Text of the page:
Help for atheist preachers
The transition from preacher to outspoken atheist has not been easy, and DeWitt is trying to smooth the way for other former believers. He is executive director of Recovering from Religion, an organization founded in 2009. Its slogan: “Thousands of organizations will help you get INTO religion, but we’re the only one helping you OUT.”
Youth Ministry: Content and Context
What a concept.
From the post,
Our teaching and Bible study should help students engage with Scripture. Long ago I moved away from the traditional youth talk of sharing my ideas supported by a few verses. I started teaching from passages, allowing God’s Word to speak more directly to students. If you have not experienced the difference, you might not understand what I mean. Expounding Scripture can be done in a variety of ways, yet the result is the same—getting a clear sense of the Bible’s meaning and figuring out how it applies to our lives.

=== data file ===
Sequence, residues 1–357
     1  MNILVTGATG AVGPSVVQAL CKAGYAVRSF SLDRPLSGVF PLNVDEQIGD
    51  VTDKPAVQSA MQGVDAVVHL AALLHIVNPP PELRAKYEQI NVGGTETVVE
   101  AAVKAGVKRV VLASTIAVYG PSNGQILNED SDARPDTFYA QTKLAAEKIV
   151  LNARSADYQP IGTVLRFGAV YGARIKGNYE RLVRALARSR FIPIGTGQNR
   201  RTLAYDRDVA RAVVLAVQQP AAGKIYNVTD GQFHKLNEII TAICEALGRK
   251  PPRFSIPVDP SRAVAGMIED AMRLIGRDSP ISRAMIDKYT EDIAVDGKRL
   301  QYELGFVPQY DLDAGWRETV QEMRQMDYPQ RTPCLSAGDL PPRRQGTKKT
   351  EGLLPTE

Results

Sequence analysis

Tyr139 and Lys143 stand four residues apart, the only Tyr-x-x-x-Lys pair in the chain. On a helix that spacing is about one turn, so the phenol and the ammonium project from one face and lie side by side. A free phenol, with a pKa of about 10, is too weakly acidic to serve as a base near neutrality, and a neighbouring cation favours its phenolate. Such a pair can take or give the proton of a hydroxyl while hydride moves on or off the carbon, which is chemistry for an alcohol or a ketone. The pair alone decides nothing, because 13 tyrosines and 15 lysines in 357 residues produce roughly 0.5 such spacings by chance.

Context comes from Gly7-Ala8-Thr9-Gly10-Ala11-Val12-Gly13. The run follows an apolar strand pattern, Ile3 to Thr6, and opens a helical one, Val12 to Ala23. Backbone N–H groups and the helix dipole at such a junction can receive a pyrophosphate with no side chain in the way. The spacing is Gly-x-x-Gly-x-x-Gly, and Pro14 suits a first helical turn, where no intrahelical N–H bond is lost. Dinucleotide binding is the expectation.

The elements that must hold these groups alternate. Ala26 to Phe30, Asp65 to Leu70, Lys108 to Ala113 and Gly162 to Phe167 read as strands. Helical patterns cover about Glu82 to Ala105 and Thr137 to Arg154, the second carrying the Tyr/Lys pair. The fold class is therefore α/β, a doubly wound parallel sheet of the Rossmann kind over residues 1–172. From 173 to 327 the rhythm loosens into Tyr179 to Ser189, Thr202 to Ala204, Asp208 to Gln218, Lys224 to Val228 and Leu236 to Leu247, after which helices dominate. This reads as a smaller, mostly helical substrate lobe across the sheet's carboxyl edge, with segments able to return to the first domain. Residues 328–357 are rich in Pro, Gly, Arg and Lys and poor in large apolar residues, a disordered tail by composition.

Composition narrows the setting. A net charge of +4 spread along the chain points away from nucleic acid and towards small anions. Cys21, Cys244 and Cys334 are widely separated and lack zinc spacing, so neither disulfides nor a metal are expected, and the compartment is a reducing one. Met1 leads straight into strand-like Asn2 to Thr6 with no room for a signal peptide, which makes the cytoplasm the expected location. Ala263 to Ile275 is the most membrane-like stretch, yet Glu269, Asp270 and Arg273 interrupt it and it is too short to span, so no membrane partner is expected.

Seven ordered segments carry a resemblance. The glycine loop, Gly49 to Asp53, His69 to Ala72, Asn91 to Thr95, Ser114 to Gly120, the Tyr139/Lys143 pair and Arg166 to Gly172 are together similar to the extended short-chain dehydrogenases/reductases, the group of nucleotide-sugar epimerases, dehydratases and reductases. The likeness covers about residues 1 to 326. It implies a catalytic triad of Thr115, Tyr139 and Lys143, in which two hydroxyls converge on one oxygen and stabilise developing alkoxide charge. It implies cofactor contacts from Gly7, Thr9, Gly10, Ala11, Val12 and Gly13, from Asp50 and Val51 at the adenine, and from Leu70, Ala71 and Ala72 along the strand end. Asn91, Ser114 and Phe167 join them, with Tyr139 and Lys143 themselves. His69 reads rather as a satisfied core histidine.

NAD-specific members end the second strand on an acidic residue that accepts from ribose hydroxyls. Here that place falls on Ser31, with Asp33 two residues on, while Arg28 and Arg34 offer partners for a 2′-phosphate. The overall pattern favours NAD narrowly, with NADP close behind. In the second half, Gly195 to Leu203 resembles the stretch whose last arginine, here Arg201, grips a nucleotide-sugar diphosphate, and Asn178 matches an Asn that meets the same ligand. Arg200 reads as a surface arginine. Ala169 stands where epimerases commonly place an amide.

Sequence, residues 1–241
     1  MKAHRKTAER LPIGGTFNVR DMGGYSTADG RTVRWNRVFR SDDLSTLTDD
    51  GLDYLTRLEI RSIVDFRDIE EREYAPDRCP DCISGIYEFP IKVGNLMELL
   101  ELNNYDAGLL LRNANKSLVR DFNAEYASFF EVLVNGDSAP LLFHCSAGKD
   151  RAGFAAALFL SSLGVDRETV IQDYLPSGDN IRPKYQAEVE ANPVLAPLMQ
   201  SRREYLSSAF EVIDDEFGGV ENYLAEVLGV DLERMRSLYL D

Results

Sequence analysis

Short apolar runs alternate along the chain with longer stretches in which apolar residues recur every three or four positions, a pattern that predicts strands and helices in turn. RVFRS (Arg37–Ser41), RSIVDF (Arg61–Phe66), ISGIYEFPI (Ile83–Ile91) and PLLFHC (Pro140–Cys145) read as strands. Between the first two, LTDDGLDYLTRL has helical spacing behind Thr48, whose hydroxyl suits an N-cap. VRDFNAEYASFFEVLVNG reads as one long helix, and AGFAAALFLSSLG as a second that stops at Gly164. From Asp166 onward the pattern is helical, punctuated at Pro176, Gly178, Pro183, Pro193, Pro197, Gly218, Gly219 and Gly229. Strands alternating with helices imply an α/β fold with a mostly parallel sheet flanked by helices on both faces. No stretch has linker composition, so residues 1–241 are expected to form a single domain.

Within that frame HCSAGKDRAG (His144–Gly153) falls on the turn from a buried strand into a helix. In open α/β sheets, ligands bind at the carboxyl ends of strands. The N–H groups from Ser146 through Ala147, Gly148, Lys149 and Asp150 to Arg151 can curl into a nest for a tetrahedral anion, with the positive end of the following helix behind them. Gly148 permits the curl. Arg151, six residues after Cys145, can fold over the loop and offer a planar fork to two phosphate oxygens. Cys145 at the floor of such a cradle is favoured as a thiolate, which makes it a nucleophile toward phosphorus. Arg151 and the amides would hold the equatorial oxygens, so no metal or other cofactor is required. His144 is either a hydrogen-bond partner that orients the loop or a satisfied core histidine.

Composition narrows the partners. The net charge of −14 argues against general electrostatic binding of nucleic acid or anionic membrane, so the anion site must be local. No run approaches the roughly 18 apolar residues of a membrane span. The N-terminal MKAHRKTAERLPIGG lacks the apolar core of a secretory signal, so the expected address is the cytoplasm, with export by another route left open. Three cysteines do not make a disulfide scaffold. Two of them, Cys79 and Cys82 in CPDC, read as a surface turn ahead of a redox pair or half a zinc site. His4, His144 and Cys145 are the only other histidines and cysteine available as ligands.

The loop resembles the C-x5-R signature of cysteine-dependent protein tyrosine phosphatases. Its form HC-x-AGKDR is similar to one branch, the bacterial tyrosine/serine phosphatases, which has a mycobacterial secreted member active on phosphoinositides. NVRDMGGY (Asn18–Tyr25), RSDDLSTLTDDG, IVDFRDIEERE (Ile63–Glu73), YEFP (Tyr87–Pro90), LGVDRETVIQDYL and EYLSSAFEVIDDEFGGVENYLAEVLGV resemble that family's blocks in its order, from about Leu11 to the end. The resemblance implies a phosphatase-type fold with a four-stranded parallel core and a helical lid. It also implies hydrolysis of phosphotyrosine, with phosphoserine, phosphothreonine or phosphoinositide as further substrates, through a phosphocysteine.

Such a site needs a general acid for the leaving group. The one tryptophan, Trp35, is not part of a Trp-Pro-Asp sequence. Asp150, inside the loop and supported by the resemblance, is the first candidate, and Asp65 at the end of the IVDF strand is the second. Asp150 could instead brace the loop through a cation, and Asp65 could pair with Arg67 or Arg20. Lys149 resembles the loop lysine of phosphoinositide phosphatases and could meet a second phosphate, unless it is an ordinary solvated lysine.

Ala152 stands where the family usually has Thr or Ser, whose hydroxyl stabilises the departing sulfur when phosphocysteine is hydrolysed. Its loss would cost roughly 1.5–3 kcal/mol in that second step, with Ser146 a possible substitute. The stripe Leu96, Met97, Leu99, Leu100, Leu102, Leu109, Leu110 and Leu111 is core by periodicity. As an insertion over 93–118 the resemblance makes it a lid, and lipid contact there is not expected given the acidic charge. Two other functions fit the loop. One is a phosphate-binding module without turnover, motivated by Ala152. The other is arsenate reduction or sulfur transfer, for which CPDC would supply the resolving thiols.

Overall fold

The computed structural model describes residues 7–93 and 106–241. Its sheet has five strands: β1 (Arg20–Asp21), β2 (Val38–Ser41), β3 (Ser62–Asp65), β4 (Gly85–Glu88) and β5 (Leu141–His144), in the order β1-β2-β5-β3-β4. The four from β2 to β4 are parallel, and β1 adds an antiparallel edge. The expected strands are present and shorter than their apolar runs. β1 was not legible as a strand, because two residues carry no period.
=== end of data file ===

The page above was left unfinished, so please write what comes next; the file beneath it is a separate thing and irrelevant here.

Allowing God’s Word to speak? What (another) concept. Imagine what would happen if we moved from trying to be relevant to an unbelieving culture and actually depending on God’s Word?
Grade Inflation? Say it isn’t so!
When I was a high school student (way back when) there were just a few students that achieved a 4.0 GPA (with 4.0 as the max). Nowadays it seems like the 4s just flit about unfettered from the shackles of herculean effort.
And, of course, along with this news we’ll also be hearing that the quality of students graduating from our public school system is extraordinary?
Yikes! There’s even a website devoted to the subject.
And people were afraid of a Vice President Sarah Palin?
From the article,
Vice President Joe Biden told the graduating seniors of Cypress Bay High School in Florida today that they should imagine a world where hunger no longer exists because crops grow without the need of soil, water or fertilizer.
The connected generation
How will it impact, if it will, the near future economy of the United States?
From the post,
The most interesting part of the survey, though, is the finding that parents will go to great lengths to help their kids find work. Nearly a third (30 percent) of recent graduates report that their parents are in some way involved in their job search process. Nearly one in 10 (8 percent) recent graduates say that a parent has accompanied them to a job interview, with 3 percent of grads saying their parents have actually joined the interview itself.